And your FT4 is a bit low, too. You aren't converting terribly well, but then you haven't got much to convert.

    If you are happy to start on a dose that is much too low, at least go and get tested after six weeks and Don't wait three months. Being on a low dose for too long can screw up your metabolism.

  • OK. Thank you very much for your opinion. I'll let you know after 6 weeks when doing the test again. Many thanks...

  • You're welcome.

  • DH,

    If T4 & T3 are "normal" then you should wonder why your TSH doesn't reflect a result corresponding ! ! ...

    You could have a pituitary adenoma (benign, slow-growing tumor) ? .... .. or pituitary resistance ? ? ... meaning even when you have enough thyroid hormone your pituitary doesn't recognise this and continues to encourage thyroid hormone by secreting further Thyroid Stimulating Hormone (TSH) ... 

    You can discuss with your GP or ask for a referral to an endo.

    If you would like a list of sympathetic endos/doctors that members have had positive experiences with, you can email louise.warvill@thyroiduk.org.uk. 

  • Hi DrHafezgreygoose has a lot of experience and gives very sound advice, you really do not have to fear taking this hormone replacement therapy.

    Diabetic patients have a higher prevalence of thyroid disorders than the general populace but that isn't really surprising given that they are both recognised as autoimmune disorders (this isn't a 100% guarantee but as a general rule of thumb comes pretty close). But all is not doom and gloom, autoimmune disorders can be successfully treated with diet - so successfully that the condition is reversed.  This is not the same as the maintenance diet that most diabetics are recommended to adopt in order to control their condition, it is more radical since the intention is not to maintain anything but also more effective.  Do a google search on such phrases as 'curing diabetes with diet' and/or 'reversing autoimmune disease with diet'.  Also check out things like 'the Wahls Protocol' (sorry there isn't a lot available without buying the book but there are some videos on youtube).  This is a diet designed by a doctor suffering from MS (another autoimmune disorder).  Even though she was wheelchair bound, she never gave up and is now a walking testament to its success.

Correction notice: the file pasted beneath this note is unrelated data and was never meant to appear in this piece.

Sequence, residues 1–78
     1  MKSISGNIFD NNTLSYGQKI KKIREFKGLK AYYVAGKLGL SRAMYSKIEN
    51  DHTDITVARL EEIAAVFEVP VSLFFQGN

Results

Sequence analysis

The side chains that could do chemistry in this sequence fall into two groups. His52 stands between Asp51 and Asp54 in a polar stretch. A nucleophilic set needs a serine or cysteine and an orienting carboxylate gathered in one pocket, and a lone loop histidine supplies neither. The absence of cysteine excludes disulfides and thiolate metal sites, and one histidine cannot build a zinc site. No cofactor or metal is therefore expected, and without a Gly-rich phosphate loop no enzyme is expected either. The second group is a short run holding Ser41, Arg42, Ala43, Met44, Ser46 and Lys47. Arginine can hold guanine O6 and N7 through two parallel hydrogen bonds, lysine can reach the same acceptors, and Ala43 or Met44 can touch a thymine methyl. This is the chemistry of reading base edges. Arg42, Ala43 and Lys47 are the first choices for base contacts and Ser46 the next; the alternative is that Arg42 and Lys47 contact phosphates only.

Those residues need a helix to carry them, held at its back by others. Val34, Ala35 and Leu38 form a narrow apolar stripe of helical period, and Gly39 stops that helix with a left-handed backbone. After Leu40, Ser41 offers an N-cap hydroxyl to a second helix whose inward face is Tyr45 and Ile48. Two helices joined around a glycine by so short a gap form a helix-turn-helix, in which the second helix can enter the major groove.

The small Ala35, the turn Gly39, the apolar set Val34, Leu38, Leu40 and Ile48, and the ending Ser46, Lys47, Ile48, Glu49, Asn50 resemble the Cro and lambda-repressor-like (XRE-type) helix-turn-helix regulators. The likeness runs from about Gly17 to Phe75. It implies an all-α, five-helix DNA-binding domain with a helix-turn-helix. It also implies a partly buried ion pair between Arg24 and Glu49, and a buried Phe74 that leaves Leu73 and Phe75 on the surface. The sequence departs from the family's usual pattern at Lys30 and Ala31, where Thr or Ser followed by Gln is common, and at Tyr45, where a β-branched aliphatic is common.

• It's only really sub-clinical if you have no symptoms at all. Most healthy people have a TSH of around 1, and FT4 at least half way up the range. Such a tiny dose of levo is likely to make you feel worse. not better. If you have no symptoms, I'd try to find out what was causing raised TSH. Is ferritn at least 70, B12 well over 500 and folate around halfway up the range?

  • Im new on this site so don't know much about thyroid but if you are diabetic (controlled or not) and you have pain in your feet then I would suggest that you have this monitored because of neuropathies related to diabetes can be a cause for concern. best wishes